Working with Parents and Caregivers When Children Are Our Primary Clients: Why do it, what does the literature tell us and why is it hard? - Calm Kid Central

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Working with Parents and Caregivers When Children Are Our Primary Clients: Why do it, what does the literature tell us and why is it hard?

As mental health professionals working with children and young people, our primary focus is of course on the mental and emotional well-being of the young humans we have the privilege of supporting.  However, anyone who has worked in child/adolescent mental health for more than 3 minutes knows that working with parents and caregivers of young people is also a critical part of our job.  Yet this parent work has many challenges and difficulties – in fact it is sometimes the hardest aspect of what we do.  It can therefore (understandably) be easy at times to deprioritise or delay this work –especially when parents themselves are finding it difficult to engage with us – and prioritise and focus on providing intervention solely to the child instead.

It’s helpful therefore to occasionally recalibrate our attention towards the significance of parent work.  Hopefully this article can serve as a somewhat motivating summary of the full range of reasons to do this work, the empirical basis for doing it (as well as an acknowledgement of the inherent challenges in it that we need to address and overcome).

Just a note before I start about terminology– we know of course primary caregivers may be biological parents, grandparents, foster parents and others – for the sake of brevity, I’ll refer to the term “parents” in this article as an encompassing term all primary caregivers.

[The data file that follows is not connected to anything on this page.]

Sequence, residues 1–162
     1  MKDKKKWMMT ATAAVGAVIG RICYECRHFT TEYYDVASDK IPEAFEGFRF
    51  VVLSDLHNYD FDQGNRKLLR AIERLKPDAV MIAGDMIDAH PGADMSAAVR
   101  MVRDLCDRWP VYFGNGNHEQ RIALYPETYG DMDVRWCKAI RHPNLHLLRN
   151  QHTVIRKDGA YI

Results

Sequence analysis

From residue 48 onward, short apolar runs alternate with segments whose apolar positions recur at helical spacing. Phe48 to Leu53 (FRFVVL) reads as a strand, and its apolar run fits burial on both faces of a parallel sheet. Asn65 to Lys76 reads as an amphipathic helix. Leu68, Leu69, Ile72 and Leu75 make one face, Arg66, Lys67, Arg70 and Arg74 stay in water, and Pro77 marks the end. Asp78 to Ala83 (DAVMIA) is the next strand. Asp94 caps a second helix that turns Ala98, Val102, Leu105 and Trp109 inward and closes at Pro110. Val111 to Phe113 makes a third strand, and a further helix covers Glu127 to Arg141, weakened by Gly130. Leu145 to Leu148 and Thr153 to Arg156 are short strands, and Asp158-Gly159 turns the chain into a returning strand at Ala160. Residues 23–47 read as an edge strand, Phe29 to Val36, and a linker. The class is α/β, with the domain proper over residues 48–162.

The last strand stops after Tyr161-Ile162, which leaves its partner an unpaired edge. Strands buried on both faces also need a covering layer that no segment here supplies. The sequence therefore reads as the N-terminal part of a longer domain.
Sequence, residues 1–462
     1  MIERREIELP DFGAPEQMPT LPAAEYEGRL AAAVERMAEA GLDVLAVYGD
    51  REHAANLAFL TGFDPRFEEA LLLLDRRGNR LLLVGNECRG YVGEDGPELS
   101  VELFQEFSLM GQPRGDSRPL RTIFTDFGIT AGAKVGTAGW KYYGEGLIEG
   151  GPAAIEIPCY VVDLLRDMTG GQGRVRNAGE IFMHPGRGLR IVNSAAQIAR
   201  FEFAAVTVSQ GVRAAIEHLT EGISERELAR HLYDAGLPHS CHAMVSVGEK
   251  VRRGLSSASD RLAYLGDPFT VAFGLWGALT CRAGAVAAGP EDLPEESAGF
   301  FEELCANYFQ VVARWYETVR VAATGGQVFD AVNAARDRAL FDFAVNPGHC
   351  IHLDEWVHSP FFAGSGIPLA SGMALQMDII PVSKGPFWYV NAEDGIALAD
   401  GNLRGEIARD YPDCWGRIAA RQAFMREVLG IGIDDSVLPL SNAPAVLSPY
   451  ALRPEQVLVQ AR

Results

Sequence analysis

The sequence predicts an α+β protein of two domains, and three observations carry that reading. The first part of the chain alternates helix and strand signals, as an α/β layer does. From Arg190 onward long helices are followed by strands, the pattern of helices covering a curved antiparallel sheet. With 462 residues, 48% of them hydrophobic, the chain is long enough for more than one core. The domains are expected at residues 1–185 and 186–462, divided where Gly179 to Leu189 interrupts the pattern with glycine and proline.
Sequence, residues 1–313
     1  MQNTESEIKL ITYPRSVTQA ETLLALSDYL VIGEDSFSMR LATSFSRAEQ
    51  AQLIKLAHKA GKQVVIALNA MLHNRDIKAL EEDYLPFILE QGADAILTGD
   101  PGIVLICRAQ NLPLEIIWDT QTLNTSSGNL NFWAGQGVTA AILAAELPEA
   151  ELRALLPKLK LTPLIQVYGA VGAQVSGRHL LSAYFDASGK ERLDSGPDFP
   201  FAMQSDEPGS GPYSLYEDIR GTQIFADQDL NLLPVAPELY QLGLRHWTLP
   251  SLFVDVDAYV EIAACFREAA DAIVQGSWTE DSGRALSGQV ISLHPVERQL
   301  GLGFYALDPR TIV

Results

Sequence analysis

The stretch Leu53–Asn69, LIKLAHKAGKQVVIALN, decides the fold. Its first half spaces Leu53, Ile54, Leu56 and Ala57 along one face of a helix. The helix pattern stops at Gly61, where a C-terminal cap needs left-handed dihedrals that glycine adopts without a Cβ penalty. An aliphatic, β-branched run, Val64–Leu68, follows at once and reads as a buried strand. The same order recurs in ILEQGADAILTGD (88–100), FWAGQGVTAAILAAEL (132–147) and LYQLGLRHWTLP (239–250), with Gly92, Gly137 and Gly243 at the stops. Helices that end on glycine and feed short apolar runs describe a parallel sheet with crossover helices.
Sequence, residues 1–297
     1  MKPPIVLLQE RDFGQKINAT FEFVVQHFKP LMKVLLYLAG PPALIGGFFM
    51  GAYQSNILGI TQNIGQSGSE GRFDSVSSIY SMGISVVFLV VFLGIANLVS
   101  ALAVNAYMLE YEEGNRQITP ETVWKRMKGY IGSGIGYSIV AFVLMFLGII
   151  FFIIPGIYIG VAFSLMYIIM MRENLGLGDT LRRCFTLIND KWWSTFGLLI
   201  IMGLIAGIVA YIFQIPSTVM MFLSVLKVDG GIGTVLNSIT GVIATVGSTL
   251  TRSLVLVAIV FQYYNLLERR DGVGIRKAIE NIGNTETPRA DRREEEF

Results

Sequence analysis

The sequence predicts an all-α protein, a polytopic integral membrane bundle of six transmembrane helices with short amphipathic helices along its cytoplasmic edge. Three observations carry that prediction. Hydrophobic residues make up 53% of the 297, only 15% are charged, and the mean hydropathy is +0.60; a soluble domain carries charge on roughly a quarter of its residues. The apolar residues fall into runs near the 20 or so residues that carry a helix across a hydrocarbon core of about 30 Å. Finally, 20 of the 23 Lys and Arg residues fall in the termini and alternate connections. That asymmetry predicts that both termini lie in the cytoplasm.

Why work with parents?

Let’s start with considering all the theoretical, practical and ethical reasons we might consider working with parents as child mental health professionals.

Practical Assistance: First the fundamentals – many parents are crucial in the practical logistics of helping their children to attend therapy sessions. They provide or arrange transportation, support referrals when needed and provide the financial support or funding for children to access mental health support.  Working with parents to ensure they are able and committed to being able to do this – and to do so for the length and frequency of treatment required – is critical to avoid children prematurely dropping out of treatment.

Ethical guidelines suggest working with parents is often important
:  Australian Psychological Society Ethical guidelines formally state that when working with children, psychologists are required to “respect the child-parent relationship”.  In addition, ethical guidelines also state the need to obtain informed consent from clients before undertaking psychological treatment with them – and given this is not always possible for younger children we often need to obtain informed consent from their legal guardian/s on their behalf.

Overcoming limited introspective skills: Children and adolescents are often unable to provide us with information we need to provide effective therapy.  This might show itself in a range of ways, for instance, they might not be able to tell us about what might be crucial potential difficulty at the beginning of therapy (for example I can recall many children I’ve worked with who have failed to mention they’ve experienced significant bullying, or don’t sleep before 3am etc) or enough detail about these issues at the beginning of treatment (‘I’m not at school that often’ says one child – ‘you haven’t been there for 3 years’ adds their parent) in ongoing appointments (one child memorably didn’t tell me there had been death in the family since I saw them last). Children often are also unable to tell us about critical contributing factors to their difficulties (aren’t able to provide us with family background information, don’t remember the types of behaviours or thoughts they experience in the midst of emotional dysregulation etc etc) which then makes it harder to identify possible therapeutic components.  I see this as parents being able to (often) provide at least some of the ‘picture on the front of the puzzle box’ rather than us as therapists blindly trying to put together individual pieces.